Regrettably, I have only managed to watch six other movies by Rene' Clair so far: LE MILLION (1931), THE GHOST GOES WEST (1935), IT HAPPENED TOMORROW (1944), AND THEN THERE WERE NONE (1945), LE SILENCE EST D' OR/MAN ABOUT TOWN (1947) and LES GRANDE MANOUVRES (1955). One of my earliest DVD acquisitions was in fact The Criterion Collection's DVD of LE MILLION. I also purchased Image Entertainment's AND THEN THERE WERE NONE as soon as it came out and I currently have Criterion's discs of UNDER THE ROOFS OF Paris (which also includes Paris QUI DORT/THE CRAZY RAY [1923]) and A' NOUS LA LIBERTE' (coupled with ENTR'ACTE [1924]) on pre-order. I also have THE GHOST GOES WEST, LES GRANDES MANOUVRES and PORTES DES LILAS (1957) – which I have yet to watch - on PAL VHS. I say all this to illustrate my admiration for this undeniable master of the medium whose critical standing has unjustly diminished somewhat over the years.

    There are many another Rene' Clair film that I would love to watch: LE VOYAGE IMAGINAIRE (1926), UN CHAPEAU DE PAILLE D' ITALIE/AN ITALIAN STRAW HAT (1927), QUATORZE JUILLET (1932), LE DERNIER MILLIARDAIRE (1934), THE FLAME OF NEW ORLEANS (1941), I MARRIED A WITCH (1942), LA BEAUTE' DU DIABLE (1949) and TOUT L' OR DU MONDE (1961). Hopefully, Criterion will issue some of them on DVD in the not-so-distant future. The only other film of Clair's that is available on R1 DVD is Image's FOREVER AND A DAY (1943), but he was only one of seven directors working on this episodic saga made for the War effort. There is also a French R2 edition of LES GRANDES MANOUVRES but it has no English subtitles.

    One reason why I think I like LES BELLES DE NUIT so much is because I felt an affinity with Gerard Philipe's reaction to the incomprehension of his artistic sensibilities by the people he meets in everyday life. As he retreats to his bed to dream of his exploits in the orchestra pit (and the bedroom), so do I shun the world outside for hours at a stretch and retreat to my darkened room to watch films on DVD; as he demands stillness and quiet while he is composing his symphonies, so do I crave it when I am reading a book or writing my screenplays (with my like-minded brother); as he dreams of being a successful composer and conductor, so do I envisage myself directing my own work for the screen! We have written two screenplays so far, both of which have gone through numerous drafts, and we have also managed to set out a shot-by-shot template (i.e. what is referred to in the industry as a shooting script) for the first of these, besides beginning preparatory work on two other subjects. Incidentally, we plan to go off on a two-week trip to London at the beginning of September and we intend to hustle our scripts around in search of a potential backer! Wish us luck!

    By the way, my viewing experience of LES BELLES DE NUIT on Italian TV set me wondering if there were any of you who also have a habit of taping films off the TV just for a chance of watching them for the first time. Although I admit that dubbed versions are not the ideal way to watch movies, I'd rather watch them that way than wait for them to show up on DVD in their original language. At any rate, not all of them would actually make it into my DVD collection even if they were released!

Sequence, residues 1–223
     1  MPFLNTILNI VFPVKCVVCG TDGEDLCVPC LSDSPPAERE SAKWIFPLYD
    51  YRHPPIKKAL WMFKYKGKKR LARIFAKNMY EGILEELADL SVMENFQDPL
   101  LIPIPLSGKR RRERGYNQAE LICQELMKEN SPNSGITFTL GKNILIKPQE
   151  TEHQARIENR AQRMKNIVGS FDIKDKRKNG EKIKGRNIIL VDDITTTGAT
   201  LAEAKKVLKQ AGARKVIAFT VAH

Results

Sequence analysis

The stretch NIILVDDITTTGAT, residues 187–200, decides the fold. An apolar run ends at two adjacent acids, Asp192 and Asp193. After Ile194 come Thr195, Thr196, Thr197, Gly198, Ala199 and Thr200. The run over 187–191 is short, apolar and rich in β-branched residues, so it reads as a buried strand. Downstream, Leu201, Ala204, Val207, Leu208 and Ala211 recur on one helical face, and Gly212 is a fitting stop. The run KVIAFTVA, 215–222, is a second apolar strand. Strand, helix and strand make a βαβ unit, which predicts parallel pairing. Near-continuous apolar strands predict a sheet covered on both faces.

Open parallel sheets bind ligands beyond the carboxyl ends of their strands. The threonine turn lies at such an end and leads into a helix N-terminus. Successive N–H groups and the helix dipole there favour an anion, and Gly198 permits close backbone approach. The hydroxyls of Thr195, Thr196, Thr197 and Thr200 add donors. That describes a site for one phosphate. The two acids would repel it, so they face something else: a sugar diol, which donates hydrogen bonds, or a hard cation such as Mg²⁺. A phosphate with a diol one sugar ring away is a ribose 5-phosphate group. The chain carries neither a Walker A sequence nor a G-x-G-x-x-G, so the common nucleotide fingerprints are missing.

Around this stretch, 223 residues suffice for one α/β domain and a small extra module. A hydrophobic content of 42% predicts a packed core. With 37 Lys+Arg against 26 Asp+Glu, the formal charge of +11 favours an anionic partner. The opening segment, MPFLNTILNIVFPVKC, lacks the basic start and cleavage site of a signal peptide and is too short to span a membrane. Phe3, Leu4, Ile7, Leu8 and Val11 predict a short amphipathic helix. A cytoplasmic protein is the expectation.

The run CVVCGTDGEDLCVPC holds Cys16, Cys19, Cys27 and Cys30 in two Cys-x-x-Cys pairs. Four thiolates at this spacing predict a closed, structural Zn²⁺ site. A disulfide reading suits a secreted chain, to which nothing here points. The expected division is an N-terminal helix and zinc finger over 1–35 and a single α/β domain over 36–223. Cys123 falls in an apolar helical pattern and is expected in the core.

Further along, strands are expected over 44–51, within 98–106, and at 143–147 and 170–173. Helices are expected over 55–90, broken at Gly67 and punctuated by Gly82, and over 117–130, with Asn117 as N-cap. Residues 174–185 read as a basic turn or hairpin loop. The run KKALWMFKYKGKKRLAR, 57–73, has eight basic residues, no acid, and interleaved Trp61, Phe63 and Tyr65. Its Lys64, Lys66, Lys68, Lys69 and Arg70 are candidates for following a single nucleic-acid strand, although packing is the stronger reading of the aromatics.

For the sole purpose of taping and erasing such films, I keep two four-hour video tapes which have taken a lot of battering lately. Some recent examples of this practice give a fair indication of the eclectic bunch of movies which crop up on TV nearly every week: Fritz Lang's THE BLUE GARDENIA (1953), John Frankenheimer's I WALK THE LINE (1970), Peter Yates' THE DRESSER (1983) and Samuel Fuller's quirky swan song STREET OF NO RETURN (1989) – which I never even heard of before I saw it announced as an upcoming DVD SE from Fantoma. On my 'To Watch' list, I currently have Anthony Mann's DESPERATE (1947) and Jacques Tati's TRAFFIC (1970) – very ironic in view of my failure to secure copies of his films on DVD when they went out-of-print a couple of weeks ago! But I wasn't too keen on acquiring them in their present, mutilated condition anyway, even if they had the bonus short films to make up for it somewhat!

    For this week, I plan to tape Carol Reed's adaptation of Graham Greene's OUR MAN IN HAVANA (1959) and Ronald Neame's HOPSCOTCH (1980). I usually wouldn't have given the latter a second thought but due to its recent and unexpected inclusion in the Criterion catalog, I'll give it a look. Most of the time, these films are shown in the dead of night making it impossible for me to watch when they are aired, but sometimes, like yesterday for instance I make an exception. I gave up on two-and-a-half hours of sleep to catch two delirious Anti-Red films of the Fifties: William Cameron Menzies' THE WHIP HAND (1951) and Robert Stevenson's I MARRIED A COMMUNIST/THE WOMAN ON PIER 13 (1949). They also showed Abraham Polonsky's FORCE OF EVIL (1948) and Martin Ritt's THE FRONT (1976) in the same line-up but since I had watched them before, I went to sleep at 03:30 a.m!
  • Beautiful, dreamy, magical, funny romp through the ages of French history, though the ending is predictable. *** out of 4.